Development & Aid, Environment, Headlines, Health, Latin America & the Caribbean

MEXICO: Green Therapy on the Rooftops

MEXICO CITY, Aug 1 2009 (IPS) - In the last two years a Mexico City hospital, kindergarten and municipal government office building have experimented with plant-covered rooftops. Today, workers and visitors are enjoying the benefits.

Employees and patients alike enjoy the green roof at the Belisario Domínguez Hospital. Credit: Verónica Díaz Favela/IPS

Employees and patients alike enjoy the green roof at the Belisario Domínguez Hospital. Credit: Verónica Díaz Favela/IPS

Eight months ago, the first “nature roof” was created at the Belisario Domínguez Hospital in the working-class neighbourhood of Iztapalapa, Mexico City’s most densely populated district, home to 1.8 million people.

The green roof of this three-storey hospital is divided in two: the larger part is over a portion of the first storey, the smaller is over the third.

“Having direct or visual contact with a green area helps a great deal in the patients’ recovery. In Japan, nearly every hospital has a ‘nature’ terrace,” Tania Müller, head of the project, said in an interview.

According to the hospital’s director, Osvaldo González La Riviere, “the workers enjoy the space. Initially, the smokers used it, but we have been able to regulate that. Some patients found out about the rooftop garden and now they ask to go for a stroll there, with the help of family members.”


Installation of such a roof requires waterproof treatment that prevents roots from taking hold in the building material, as well as a polyethylene layer to prevent runoff. A geotextile product is added to prevent fine particulates from the underlayer from reaching the roof itself.

And finally, the underlayer is put in place, a mix of volcanic stone material, lighter than soil, and organic material to feed the plants, which are then planted on top. The plants need no watering.

One section of the hospital’s green roof is alongside the gynaecology/obstetric ward. For women who have just given birth, “it is more pleasing to look out the window at a natural setting than to see a vending cart or a truck spitting out fumes,” said Evangelina Sandoval, the deputy medical director.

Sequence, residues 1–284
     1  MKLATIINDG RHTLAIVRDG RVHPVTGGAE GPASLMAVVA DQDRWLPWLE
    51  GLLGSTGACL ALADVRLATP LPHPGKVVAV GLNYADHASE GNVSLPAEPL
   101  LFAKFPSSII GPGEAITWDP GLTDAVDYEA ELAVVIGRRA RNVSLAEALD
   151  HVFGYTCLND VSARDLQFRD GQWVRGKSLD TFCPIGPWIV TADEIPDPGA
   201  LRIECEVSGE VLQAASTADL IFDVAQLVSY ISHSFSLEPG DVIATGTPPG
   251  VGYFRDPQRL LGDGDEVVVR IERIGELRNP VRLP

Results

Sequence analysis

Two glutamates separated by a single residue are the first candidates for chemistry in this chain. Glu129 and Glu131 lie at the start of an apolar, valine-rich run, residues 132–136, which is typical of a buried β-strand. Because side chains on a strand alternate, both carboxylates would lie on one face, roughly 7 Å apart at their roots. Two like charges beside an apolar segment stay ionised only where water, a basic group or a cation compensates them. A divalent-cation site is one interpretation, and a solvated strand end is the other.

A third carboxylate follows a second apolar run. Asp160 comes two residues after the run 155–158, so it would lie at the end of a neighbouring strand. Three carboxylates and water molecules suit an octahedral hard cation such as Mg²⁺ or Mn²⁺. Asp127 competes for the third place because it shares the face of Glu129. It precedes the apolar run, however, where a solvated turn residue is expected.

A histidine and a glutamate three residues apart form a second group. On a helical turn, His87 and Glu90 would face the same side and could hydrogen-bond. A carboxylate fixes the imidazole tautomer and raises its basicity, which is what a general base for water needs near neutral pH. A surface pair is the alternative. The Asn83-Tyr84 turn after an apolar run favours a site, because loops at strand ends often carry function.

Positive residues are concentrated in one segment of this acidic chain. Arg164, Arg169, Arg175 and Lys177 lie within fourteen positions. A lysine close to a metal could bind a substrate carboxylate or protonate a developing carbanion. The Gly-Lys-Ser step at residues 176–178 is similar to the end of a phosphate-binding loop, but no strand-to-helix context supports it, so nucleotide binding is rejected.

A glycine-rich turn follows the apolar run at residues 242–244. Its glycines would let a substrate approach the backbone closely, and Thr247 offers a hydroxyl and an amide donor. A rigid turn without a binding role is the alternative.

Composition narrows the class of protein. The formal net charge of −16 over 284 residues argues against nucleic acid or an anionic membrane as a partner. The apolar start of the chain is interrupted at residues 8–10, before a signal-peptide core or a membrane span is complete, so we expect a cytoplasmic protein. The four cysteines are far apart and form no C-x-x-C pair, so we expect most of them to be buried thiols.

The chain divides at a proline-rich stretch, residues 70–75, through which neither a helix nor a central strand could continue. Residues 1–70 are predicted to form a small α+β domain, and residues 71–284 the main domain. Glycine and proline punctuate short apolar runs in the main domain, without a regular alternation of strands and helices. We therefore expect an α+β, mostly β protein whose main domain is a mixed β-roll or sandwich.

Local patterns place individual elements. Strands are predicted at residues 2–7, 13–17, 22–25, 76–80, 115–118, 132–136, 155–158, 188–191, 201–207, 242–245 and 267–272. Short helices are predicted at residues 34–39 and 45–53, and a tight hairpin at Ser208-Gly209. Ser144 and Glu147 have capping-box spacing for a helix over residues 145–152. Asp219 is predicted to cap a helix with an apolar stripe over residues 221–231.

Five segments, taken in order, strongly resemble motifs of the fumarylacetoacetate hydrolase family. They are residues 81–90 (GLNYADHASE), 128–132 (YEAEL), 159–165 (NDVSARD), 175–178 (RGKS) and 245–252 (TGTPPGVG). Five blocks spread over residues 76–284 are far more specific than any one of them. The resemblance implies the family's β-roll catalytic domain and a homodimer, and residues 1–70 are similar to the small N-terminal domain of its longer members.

Also, “working with patients and constantly facing illness and death produces stress. Now, instead of leaving by their usual route, many workers use the emergency exits in order to pass through the rooftop garden,” she said. The hospital employs about 1,000 people.

The green area covers 1,000 square metres – one-tenth the total roof area of the hospital. The roof was transformed from a barren concrete wasteland to a lush place that attracts bees, butterflies and birds – a stark contrast to the dense traffic and the concrete structures surrounding it.

Three native species from the Valley of Mexico were planted there. “All are sedums (leaf succulents), of the Crassulaceae family,” explained Müller, director of urban, park and bikeway reforestation for Mexico City.

The heat from “a normal rooftop can reach 80 degrees Celsius, contributing to the ‘heat-island effect’ (the increase in temperature in urban areas with few green spaces and lots of pavement), especially in a city as urbanised as this one,” she said.

Thanks to the vegetation, the roof’s temperature is maintained at 25 degrees Celsius, creating a microclimate that returns moisture to the environment and retains dust and particulate matter that could otherwise harm people’s lungs, Müller added.

Furthermore, it won’t be necessary to re-waterproof the roof for 80 years.

That is why the Secretariat (Ministry) of Health gave the Mexico City government the green light to create green roofs for its 28 hospitals.

All of this “is viable, but we need resources,” said Müller. With the global economic crisis, “everywhere budgets have had to be adjusted, and that is what we are evaluating.”